Buffalo’s Darwin Martin Complex, designed and built by Frank Lloyd Wright, no longer needs any fixing up. Three buildings (Martin House, Barton House, Gardener’s Cottage) have been completely restored and three structures (pergola, conservatory, and carriage house), which had been demolished, have been recreated. A new visitor’s building by Toshiko Mori was added. This complex is one of Wright’s largest and most significant works, and completing its restoration has been a 23-year journey. The final phase happened this spring, with the restoration of the original landscape, including the distinctive Floricycle, as well as an extensive group of self-contained plantings—the “outdoor rooms” of 1906. There’s a courtyard of English borders, shrub massings, and plenty of shade trees. All this had disappeared by the time restoration of the property began in the 90s.
You can see the entire 242-page report—with exhaustive history, historic images, historic plans, and contemporary recommendations—prepared by Bayer Landscape Architecture, who oversaw the garden restoration project, here. Check it out for the pictures alone. (Download the PDF; do not try to read the html version.)
Wright worked with fellow architect Walter Burley Griffin, who later became known for his work in Australia, and, very intensively, with his clients Darwin and Isabelle Martin, who were insistent on extensive gardens and suggested additions and alteration throughout the process. Then they maintained the landscape for more than 30 years. Black and white images of it show lush, mature plantings, with the shrubs easily as tall as Isabelle Martin, shown in some of the pictures (usually scowling).
Bayer had access to all of the correspondence and plans for the garden, including plant lists. One list includes a few plants many of us would tremble to plant today: wisteria (a signature plant for Wright), clematis Virginiana (which I’m struggling with now), even trumpet vine. Others were simply classic trees and shrubs (types of viburnum, beeches, maples) and typical English border perennials. But the most distinctive feature of the landscape (then and now) is the Floricycle, which was at first called Hemicycle. Planned to provide horticultural interest from March through November (very realistic for Buffalo), starting with snowdrops and ending with asters and mums, this formed a semicircle around the front of the house. There were also courtyard and various other plantings (a greenhouse was added by the Martins), but I find the Floricycle most fascinating.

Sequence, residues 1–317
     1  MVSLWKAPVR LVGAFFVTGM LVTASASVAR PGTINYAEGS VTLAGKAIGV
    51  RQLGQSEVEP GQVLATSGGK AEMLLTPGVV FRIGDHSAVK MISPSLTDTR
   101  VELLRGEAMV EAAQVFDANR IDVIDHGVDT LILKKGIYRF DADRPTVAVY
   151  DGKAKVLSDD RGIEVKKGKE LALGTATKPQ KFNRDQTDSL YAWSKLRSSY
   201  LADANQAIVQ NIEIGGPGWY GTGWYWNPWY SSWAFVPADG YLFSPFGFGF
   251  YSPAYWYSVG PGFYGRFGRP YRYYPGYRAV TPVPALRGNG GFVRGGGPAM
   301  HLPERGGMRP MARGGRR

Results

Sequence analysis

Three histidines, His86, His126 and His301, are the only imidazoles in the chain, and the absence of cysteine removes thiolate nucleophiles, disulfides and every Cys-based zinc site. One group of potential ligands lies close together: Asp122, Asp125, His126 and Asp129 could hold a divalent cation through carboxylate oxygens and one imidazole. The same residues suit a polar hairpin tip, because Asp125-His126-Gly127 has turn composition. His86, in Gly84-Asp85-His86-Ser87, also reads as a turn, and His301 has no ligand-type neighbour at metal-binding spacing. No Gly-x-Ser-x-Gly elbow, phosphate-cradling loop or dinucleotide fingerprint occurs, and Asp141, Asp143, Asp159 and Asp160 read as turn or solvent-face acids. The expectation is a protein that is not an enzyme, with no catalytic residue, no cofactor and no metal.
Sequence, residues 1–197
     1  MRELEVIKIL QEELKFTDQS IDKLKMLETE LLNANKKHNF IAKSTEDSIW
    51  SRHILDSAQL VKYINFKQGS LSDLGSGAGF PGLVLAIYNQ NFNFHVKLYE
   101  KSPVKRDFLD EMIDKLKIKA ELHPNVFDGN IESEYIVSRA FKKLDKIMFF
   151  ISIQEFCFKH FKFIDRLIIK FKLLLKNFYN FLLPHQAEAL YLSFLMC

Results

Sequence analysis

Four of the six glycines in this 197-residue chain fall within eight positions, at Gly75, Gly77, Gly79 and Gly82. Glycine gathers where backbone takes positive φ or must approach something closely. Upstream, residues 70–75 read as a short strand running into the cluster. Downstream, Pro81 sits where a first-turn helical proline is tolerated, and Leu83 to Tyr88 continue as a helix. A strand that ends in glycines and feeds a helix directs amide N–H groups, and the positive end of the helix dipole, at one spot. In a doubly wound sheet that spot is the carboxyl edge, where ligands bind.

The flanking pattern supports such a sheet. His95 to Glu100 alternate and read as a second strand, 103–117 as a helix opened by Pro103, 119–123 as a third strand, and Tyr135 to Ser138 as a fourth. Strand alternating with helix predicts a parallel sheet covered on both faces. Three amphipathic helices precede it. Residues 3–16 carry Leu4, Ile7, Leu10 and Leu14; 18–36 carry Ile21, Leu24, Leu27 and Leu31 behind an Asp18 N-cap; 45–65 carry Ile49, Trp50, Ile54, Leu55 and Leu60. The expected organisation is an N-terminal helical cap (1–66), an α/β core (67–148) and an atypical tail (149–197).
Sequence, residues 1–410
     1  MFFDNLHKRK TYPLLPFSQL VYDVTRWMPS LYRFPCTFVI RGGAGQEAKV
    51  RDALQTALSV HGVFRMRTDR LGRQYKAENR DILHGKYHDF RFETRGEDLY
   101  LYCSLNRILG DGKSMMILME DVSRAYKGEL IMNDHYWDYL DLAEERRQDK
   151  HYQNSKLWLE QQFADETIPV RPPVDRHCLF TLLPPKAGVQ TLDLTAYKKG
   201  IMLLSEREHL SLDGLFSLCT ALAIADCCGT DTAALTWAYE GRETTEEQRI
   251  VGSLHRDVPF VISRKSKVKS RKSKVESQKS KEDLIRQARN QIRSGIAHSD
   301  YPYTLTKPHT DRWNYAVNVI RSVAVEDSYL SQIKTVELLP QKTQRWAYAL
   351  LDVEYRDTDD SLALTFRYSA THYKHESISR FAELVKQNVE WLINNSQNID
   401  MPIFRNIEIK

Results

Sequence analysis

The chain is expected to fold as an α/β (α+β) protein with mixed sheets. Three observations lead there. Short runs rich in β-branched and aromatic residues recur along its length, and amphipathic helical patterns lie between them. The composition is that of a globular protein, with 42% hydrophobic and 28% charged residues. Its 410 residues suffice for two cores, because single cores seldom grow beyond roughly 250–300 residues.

Choosing the Martin’s period of ownership (1903–1929) as a guideline, Bayer has followed the Floricycle’s guiding concept of sequential seasons of interest for a semicircle of herbaceous plantings backed up by shrubs, with each grouping repeating twelve times. A much smaller selection than the Martins had, with more attention to height restrictions (these structures must be fully seen by visitors) has been implemented. Finally, as these pictures demonstrate, it’s really early days for this landscape. It will be fascinating to watch this mature, providing a lively, colorful frame for an architectural masterpiece.